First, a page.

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A hotel is a place to relax, to get away. You seek out a hotel primarily as a place to sleep – to rest and recoup. It is also the starting point as you get used to your new surroundings. It is a retreat, a temporary home in an otherwise foreign place. It must feel like a safe haven – a place where you can let go and unwind. The key function of every hotel is to serve as place to sleep and freshen up – a bed and a bath. At the same time, however, these are the most private spaces where we carry out our most intimate tasks. We wish to be alone and undisturbed. We do not want anyone to intrude.
Meeting new people while travelling is also interesting. Cultural and personal exchanges make a trip exciting and expand the treasure of experiences and positive impressions as a whole. Such encounters are surely an important element.
These two requirements of temporary accommodation require a balance between extreme privacy and the possibility for interaction. To achieve these goals architecturally, outdoor and indoor areas are created, permitting varying degrees of privacy.
The nuanced feeling of seclusion is differentiated by the kind of lighting as well as what the area looks in or looks out on. Thanks to the layout in the form of courtyards and the blending of indoor and outdoor areas, the different spaces fit together both spatially and architecturally.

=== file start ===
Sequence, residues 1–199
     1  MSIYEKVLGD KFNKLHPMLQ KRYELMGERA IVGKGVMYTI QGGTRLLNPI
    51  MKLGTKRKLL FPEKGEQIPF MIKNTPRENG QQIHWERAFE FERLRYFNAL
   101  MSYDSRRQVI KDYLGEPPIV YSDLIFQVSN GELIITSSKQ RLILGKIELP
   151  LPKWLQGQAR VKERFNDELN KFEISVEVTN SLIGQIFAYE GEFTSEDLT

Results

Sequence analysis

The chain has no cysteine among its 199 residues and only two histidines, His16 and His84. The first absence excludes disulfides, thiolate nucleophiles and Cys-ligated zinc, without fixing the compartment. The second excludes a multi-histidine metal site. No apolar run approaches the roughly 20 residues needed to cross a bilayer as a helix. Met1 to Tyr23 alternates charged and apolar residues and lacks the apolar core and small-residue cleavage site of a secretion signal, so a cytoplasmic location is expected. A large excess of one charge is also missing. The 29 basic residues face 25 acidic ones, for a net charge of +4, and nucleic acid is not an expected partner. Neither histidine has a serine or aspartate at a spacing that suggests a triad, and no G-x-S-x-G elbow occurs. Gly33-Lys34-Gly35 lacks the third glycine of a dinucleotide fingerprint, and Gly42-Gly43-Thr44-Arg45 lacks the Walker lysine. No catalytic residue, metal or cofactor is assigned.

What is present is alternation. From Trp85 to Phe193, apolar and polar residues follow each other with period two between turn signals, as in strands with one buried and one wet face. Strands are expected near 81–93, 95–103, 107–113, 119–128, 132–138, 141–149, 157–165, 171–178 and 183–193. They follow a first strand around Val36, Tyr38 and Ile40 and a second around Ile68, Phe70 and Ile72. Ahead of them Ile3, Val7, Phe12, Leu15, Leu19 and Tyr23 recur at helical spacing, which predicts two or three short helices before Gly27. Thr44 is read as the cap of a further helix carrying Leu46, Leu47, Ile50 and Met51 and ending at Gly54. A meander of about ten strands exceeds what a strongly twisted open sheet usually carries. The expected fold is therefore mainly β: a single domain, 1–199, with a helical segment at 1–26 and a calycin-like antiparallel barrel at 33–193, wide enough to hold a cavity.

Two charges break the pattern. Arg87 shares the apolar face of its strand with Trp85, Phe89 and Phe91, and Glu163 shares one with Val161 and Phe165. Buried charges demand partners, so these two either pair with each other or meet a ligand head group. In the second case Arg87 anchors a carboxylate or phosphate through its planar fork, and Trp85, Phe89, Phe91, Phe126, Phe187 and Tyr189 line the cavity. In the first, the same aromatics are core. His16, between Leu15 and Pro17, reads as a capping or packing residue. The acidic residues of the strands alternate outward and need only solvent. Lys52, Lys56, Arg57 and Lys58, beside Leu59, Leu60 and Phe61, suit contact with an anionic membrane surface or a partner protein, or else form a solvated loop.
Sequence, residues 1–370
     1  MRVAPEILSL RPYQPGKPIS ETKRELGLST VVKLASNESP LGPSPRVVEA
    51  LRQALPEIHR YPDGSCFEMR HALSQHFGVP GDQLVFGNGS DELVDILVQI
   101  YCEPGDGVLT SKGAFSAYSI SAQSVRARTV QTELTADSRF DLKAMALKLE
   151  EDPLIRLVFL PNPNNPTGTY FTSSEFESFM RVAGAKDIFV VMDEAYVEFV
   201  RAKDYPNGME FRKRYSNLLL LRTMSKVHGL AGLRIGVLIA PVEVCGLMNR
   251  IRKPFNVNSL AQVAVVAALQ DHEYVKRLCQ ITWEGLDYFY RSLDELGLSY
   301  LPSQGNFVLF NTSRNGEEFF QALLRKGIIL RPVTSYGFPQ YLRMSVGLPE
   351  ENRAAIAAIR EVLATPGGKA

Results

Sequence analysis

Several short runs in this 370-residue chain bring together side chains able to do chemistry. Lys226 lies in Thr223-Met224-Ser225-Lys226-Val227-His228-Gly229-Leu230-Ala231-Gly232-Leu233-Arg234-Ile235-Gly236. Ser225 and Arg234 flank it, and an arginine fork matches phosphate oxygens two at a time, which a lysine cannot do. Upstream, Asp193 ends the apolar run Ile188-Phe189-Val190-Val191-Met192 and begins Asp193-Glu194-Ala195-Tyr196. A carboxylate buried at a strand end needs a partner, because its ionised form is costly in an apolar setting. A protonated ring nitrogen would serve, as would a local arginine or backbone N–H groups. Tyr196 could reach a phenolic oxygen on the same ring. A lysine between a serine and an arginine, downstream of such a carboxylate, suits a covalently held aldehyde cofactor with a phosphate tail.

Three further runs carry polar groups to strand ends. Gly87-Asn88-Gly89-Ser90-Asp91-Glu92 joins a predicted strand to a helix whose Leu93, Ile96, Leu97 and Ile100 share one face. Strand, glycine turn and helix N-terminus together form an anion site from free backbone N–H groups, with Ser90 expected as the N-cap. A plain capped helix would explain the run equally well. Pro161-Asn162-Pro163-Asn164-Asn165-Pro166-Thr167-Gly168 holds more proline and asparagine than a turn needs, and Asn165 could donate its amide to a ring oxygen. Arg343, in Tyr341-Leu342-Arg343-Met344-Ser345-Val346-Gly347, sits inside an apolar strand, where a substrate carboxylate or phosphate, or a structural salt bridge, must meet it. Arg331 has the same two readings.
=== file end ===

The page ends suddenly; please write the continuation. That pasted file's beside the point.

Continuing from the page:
The addition of a central common area that fulfils all functions beyond the essential bed and bath requirements is an ideal solution that fits the nature of the space. It links the unknown, unfamiliar characteristics of temporary accommodation with the welcoming feeling of home. The interesting, the new meets the comfortable, the known. Instead of an impersonal hotel breakfast room, the large table in the lounge/dining area, which can accommodate all the guests of the hotel, is symbolic of the hospitality and character of a space you can call home. It creates a room that invites people to come together – a space for shared conversations, cooking, food and laughter. The lounge leads seamlessly to the outdoor area where the terrace acts as an extension of the same and is enclosed by the green garden.
The building breathes – and is experienced – through its outdoor area. The garden can be seen as a continuation of the indoor area. It hosts a dense landscaping of local plants. The objective is vegetation that creates an evergreen oasis but requires minimal care, thus protecting the privacy of the building and its users. The outdoor area could also feature artwork that complements the natural decor. The design continues in the rooms in the form of a small private garden. The garden is a strong identifying characteristic and ensures high recall value.